A fascinating read, if you're into this type of thing.

Oh, and at the end of the main text is a discussion of a 102nd Divine Comedy watercolor with a black and white reproduction of it.

If you speak German, you can order this publication from the web site at http://www.dante-2000.de/.  Otherwise, check out the Spanish translator under his eBay name "kikez" who regularly auctions this catalog within the US.  It'll cost around $35-$60 plus shipping.


The Dali Universe
by Beniamino Levi (2000)

Levi is the curator for The Dali Universe exhibition at London’s County Hall Gallery. This publication accompanies that exhibition.

The first 27 pages are on off-white matte finish paper featuring duotone (purple) pictures of Dali with essays by Levi, Sabater, Albert Field, etc.

The rest of the book is on glossy paper and is filled with color photos “of various rare artworks … including sculptures, artglass, collages, gold objets d’art, furniture, and rare graphic portfolios.”

Features pictures of Dali creations I have seen nowhere else–and I have a large Dali book library.

Also features a double-page gatefold of Dali’s work on Alfred Hitchcock’s movie Spellbound.

A great book filled with great color images of Dali work. A must-have for your Dali library. Expect to pay about $20 for this book.


Dali in Manhattan
Brana Fine Art (2002)

What a great book of Dali art! Filled with a ton of rare and one-of-a-kind images that you will find in no other publication. Has 234 heavyweight glossy pages. All reproductions are high quality and in full color, and are sized at one per page.

Chapter features:

  • one-of-a-kind: contains just that – one-of-a-kind oil paintings, watercolor artwork, pencil drawings, pen and ink drawings, gouache, acrylic, and mixed media images.
  • prints: an assortment of lithograph, intaglio, etching, and prints from various sources.
  • print-suites: photos of portfolios of a number of suites, with a couple of sample images from the suite.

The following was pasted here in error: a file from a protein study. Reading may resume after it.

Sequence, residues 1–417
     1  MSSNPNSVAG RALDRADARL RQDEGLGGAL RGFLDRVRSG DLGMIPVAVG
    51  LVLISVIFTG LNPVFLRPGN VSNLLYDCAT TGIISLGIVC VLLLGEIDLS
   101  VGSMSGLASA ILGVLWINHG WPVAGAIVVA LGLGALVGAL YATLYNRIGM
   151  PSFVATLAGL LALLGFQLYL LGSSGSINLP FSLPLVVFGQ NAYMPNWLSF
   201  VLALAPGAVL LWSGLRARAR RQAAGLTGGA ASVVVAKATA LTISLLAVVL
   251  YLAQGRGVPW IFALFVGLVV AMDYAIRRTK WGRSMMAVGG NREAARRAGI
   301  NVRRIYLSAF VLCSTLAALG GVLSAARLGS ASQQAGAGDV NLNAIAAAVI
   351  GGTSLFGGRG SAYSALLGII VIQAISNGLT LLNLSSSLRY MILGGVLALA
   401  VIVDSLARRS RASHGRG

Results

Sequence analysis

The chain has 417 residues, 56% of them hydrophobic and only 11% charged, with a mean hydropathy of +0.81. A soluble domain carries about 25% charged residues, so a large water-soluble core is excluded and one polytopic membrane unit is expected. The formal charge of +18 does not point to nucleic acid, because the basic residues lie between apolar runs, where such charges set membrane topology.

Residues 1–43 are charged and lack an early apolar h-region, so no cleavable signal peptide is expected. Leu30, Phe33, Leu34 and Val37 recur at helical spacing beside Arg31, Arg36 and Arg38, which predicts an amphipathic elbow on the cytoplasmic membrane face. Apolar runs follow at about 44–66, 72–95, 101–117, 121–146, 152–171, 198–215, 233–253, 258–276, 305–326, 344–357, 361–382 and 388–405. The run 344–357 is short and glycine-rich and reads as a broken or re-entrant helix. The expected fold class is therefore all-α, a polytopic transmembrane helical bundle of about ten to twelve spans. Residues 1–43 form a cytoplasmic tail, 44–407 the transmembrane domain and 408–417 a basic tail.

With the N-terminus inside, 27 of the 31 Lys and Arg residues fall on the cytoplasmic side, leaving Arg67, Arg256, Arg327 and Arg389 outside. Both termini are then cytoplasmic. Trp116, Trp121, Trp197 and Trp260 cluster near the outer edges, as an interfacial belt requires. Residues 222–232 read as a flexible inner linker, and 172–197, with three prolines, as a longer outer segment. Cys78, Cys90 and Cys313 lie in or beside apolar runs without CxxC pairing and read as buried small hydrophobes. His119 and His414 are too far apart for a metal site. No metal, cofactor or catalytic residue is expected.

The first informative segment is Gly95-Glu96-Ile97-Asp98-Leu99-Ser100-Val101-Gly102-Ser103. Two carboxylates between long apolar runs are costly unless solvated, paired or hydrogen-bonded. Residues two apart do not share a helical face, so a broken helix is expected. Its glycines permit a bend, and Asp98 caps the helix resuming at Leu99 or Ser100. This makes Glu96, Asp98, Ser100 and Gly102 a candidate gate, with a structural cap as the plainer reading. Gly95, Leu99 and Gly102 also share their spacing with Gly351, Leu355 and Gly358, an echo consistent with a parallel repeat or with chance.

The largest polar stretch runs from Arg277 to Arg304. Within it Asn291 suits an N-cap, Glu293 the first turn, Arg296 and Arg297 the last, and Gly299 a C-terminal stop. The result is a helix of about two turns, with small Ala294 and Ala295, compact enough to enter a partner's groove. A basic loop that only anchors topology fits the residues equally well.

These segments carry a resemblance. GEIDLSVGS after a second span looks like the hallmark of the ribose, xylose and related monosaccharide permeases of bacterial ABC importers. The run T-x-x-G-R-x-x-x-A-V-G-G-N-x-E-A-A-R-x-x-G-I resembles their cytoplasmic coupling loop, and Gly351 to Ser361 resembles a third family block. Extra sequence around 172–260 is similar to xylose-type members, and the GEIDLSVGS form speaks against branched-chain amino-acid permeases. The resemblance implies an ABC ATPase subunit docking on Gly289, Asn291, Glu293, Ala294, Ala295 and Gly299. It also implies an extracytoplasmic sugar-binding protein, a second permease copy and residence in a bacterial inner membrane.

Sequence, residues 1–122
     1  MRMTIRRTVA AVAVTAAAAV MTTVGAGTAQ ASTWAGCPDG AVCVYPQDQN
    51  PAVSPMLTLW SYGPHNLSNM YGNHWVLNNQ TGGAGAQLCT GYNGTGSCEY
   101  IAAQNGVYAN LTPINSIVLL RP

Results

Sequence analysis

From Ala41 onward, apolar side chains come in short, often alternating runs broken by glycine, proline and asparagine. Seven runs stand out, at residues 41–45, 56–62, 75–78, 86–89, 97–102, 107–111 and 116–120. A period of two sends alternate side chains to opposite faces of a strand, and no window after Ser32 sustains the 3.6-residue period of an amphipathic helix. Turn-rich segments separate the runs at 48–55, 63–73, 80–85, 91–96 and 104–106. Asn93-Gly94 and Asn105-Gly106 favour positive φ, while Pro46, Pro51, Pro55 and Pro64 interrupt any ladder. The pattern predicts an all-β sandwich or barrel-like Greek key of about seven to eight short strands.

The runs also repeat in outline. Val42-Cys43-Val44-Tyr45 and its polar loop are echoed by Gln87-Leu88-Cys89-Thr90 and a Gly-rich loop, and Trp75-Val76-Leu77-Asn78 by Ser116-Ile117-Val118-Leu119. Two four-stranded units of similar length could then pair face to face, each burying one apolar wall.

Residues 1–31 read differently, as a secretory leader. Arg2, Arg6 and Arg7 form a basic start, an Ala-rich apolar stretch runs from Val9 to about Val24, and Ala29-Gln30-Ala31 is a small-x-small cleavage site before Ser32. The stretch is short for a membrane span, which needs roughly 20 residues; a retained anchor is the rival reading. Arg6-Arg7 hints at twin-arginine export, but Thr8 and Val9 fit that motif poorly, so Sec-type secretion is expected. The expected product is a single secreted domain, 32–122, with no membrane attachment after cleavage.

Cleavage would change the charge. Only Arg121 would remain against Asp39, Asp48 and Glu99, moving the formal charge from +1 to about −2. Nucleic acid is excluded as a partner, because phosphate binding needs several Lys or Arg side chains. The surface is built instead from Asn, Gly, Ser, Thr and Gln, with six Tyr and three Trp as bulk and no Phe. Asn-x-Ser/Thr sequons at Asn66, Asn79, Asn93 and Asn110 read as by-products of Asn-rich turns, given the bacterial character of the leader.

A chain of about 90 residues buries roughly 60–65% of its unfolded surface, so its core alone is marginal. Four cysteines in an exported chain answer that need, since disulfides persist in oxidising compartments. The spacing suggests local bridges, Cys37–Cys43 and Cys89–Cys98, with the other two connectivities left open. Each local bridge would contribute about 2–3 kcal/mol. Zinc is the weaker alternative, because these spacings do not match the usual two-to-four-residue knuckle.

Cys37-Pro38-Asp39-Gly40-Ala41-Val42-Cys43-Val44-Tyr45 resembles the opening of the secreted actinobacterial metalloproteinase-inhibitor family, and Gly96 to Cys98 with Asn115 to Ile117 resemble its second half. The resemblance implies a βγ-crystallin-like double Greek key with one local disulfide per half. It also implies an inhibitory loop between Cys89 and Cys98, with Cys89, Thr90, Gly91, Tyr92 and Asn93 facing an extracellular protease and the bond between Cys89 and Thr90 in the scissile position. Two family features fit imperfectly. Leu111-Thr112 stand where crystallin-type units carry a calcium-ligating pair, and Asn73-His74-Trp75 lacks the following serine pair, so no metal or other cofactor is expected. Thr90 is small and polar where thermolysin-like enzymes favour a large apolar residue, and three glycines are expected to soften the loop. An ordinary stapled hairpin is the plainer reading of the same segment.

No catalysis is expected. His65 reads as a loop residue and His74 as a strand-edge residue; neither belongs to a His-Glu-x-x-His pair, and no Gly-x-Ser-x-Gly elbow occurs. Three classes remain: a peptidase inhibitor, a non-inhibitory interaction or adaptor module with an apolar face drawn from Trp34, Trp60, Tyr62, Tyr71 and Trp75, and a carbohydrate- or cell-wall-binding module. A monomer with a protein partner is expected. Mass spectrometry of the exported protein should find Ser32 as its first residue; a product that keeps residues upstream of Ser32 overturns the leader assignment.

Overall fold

• sculptures & tapestry: about three dozen sculptures and two tapestries.
This book is rare and has a cover price of $59.95, however, you should expect to pay about $30 or so for a copy of this book if it turns up.


Dalí Die Ausstellung

I came across this portfolio of prints in an online auction and I am so glad I snatched this up. The large softcover portfolio opens up to reveal a 16-page booklet about the exhibition (written in German) on the left side and 54 high-quality reproduction prints on the right side. Each print can be easily removed for framing.

Among the prints are 10 Dalinian Flowers, 12 Dalinian Fruits, 4 Don Quichotte (1956-57) and 28 others. Some are pictured below. In addition, this set came with a press CD that features 14 high-quality TIFF format images mostly of the fruits and flowers, photos of the exhibition gallery, some exhibition artwork, and an 11-minute black and white video of Dali creating the cover of the book L’Acopalypse set to some opera music.

I think this portfolio is extremely rare since I have not seen it for sale before, or since, I purchased it. If you do find it for sale, count yourself lucky, and expect to pay probably about $35.

1 comment:

Unknown said...

Wow, you have an extensive collection of Dali's books! with that said I was wondering if you could provide some insight on my search of a particular piece. I was wondering if there is any book to your knowledge that displays "FAUST SORCIERES AU BALAI 1969" etchings. It is a series of drawings of "witches on a broom".